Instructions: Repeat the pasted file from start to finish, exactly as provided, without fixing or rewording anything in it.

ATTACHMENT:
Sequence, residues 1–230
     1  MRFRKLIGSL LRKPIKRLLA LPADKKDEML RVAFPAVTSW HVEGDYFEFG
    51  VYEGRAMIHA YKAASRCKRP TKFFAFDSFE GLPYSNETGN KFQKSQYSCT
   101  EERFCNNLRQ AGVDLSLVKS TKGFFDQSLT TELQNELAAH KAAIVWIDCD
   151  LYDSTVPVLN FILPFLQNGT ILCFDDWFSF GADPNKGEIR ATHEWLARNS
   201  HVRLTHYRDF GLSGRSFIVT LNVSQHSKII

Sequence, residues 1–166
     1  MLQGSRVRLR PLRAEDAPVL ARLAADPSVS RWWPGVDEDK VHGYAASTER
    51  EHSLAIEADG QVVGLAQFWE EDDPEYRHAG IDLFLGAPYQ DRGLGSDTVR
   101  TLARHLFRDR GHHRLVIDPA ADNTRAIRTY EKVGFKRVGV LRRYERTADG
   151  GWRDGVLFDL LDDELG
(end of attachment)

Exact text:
Sequence, residues 1–230
     1  MRFRKLIGSL LRKPIKRLLA LPADKKDEML RVAFPAVTSW HVEGDYFEFG
    51  VYEGRAMIHA YKAASRCKRP TKFFAFDSFE GLPYSNETGN KFQKSQYSCT
   101  EERFCNNLRQ AGVDLSLVKS TKGFFDQSLT TELQNELAAH KAAIVWIDCD
   151  LYDSTVPVLN FILPFLQNGT ILCFDDWFSF GADPNKGEIR ATHEWLARNS
   201  HVRLTHYRDF GLSGRSFIVT LNVSQHSKII

Sequence, residues 1–166
     1  MLQGSRVRLR PLRAEDAPVL ARLAADPSVS RWWPGVDEDK VHGYAASTER
    51  EHSLAIEADG QVVGLAQFWE EDDPEYRHAG IDLFLGAPYQ DRGLGSDTVR
   101  TLARHLFRDR GHHRLVIDPA ADNTRAIRTY EKVGFKRVGV LRRYERTADG
   151  GWRDGVLFDL LDDELG